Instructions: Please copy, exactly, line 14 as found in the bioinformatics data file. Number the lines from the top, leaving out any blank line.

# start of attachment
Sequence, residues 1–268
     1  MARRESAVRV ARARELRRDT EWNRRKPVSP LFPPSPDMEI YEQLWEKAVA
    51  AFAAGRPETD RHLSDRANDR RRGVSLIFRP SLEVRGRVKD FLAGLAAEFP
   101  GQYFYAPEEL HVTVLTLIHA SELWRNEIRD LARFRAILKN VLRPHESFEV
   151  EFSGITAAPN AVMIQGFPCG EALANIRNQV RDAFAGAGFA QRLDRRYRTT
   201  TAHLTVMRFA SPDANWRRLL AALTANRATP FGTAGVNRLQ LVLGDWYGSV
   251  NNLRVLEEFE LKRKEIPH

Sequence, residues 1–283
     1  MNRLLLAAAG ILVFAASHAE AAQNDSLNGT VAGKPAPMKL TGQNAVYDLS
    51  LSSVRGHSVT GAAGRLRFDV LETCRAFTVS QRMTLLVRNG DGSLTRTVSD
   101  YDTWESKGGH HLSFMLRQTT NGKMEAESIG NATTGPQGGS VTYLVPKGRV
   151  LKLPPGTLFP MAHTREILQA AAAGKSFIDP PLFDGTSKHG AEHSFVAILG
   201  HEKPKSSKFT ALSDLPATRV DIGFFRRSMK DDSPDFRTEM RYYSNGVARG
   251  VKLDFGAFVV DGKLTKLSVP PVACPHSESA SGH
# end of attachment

   251  VKLDFGAFVV DGKLTKLSVP PVACPHSESA SGH